MFP is a measure closer to the concept of productive efficiency than LP as it removes the contribution of capital deepening from the residual.
Two potential sources of change in measured productivity warrant special attention: unmeasured inputs that affect real costs, and capacity utilisation. There are also a number of measurement problems associated with estimating output and input volumes.
In some industries, inputs other than capital and labour (and knowledge) can have a strong influence on output. Where these inputs are not purchased in the market, as is the case with some natural resource inputs and volunteer effort, they are not included in the measure of inputs. If the availability or quality of these inputs is changing then productivity estimates, as the residual, will be affected.
Recent Commission research has identified Mining, Utilities, and Agriculture as industries where the MFP estimates are affected by changes in unmeasured inputs. These industries are all dependent on natural resource inputs. Deterioration in the quality of the natural resource input, or more stringent regulatory restrictions on the uses of such inputs, can reduce measured productivity despite the productive efficiency of the firms in the industry remaining unchanged or even improving.
Business output responds to market demand. As demand rises or falls over time with the business cycle or other influences, firms adjust the output they produce. In the case of cyclical downturn, many firms will reduce output volumes, but cannot easily reduce their capital and labour inputs as they need these inputs ready for when demand recovers. As a result, firms are likely to underutilise their capital and labour inputs in a downturn and productivity will be lower. When business is booming, firms will fully utilise their capital and labour. Hence, measured productivity tends to be pro-cyclical as utilisation rates of inputs rise in upswings and fall in downswings.
Many industries experience cycles in demand that affect capacity utilisation but industries with high levels of fixed capital, such as manufacturing, tend to be more exposed to the business cycle. This means that annual productivity estimates are likely to under or overstate the underlying trend level of productivity depending on where the industry is in the business cycle.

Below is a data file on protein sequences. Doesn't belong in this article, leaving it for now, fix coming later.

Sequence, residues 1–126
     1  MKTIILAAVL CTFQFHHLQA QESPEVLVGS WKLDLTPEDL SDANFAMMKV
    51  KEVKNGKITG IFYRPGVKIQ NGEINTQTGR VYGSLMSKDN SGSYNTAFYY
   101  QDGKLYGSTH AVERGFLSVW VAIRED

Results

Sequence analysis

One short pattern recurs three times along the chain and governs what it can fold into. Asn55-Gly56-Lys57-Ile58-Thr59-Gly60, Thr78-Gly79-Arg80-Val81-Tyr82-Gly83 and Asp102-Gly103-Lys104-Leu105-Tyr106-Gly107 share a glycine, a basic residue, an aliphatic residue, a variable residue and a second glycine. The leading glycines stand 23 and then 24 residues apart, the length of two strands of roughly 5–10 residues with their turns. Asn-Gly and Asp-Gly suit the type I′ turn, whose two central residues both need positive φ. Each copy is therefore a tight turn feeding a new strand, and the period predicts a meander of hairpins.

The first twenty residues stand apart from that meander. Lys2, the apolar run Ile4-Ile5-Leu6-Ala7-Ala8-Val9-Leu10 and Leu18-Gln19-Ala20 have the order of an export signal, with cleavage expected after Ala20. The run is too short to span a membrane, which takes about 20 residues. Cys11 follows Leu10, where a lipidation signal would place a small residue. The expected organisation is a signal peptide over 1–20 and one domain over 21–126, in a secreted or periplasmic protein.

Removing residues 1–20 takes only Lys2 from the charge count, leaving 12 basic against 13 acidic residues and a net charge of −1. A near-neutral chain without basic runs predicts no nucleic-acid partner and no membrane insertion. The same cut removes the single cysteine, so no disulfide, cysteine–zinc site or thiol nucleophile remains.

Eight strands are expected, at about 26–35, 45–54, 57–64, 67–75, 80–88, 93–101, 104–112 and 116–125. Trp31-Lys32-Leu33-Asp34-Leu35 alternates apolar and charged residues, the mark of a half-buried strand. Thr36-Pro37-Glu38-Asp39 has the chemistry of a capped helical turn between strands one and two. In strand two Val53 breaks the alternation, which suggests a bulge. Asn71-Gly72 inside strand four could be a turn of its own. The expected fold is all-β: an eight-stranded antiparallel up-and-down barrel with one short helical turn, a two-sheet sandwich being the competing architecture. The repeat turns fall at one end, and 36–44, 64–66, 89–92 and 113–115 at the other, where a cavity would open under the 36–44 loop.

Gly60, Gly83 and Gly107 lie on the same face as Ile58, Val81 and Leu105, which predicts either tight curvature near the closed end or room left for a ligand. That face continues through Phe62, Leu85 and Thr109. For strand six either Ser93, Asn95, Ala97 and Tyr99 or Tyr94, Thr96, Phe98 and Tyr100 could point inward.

To assist users to interpret measured productivity, the ABS divides time series MFP into productivity cycles for the market sector. The start and end points of the cycles correspond to points where the levels of capacity utilisation are likely to be comparable. Average productivity growth between these points is a more reliable measure of productivity growth over a given period than those based on different years in the cycle.
Problems in both the accuracy of the raw data and in the methodologies applied generate measurement errors. Improvements in data quality and methodology are a part of the ongoing function of the ABS, resulting in periodic revisions of the estimates of MFP.
Two problems in measuring inputs that can introduce errors into the estimates of productivity are difficulties in measuring the volume of capital services, and lags between investment (when it is counted as adding to the productive capital stock) and when it is actually utilised in production. These issues arise mainly where there are large infrastructure projects and when major new technology is introduced, such as ICT.
Measured productivity growth (MFP and LP) reflects a number of influences:
- changes in the productive efficiency of the economy
- changes in unmeasured inputs (such as natural resources), which affect the real costs of production
- lags between investment (when an input is measured) and when it is utilized in production
- variations in utilisation of inputs due to economic cycles
- errors and discrepancies in the underlying estimates of inputs, outputs and prices.
The key point is that it is important to unpack measures of productivity to understand the proximate and underlying factors affecting productivity growth.
On Productivity: Concepts and Measurement
- Read the Staff Research Note released February 2015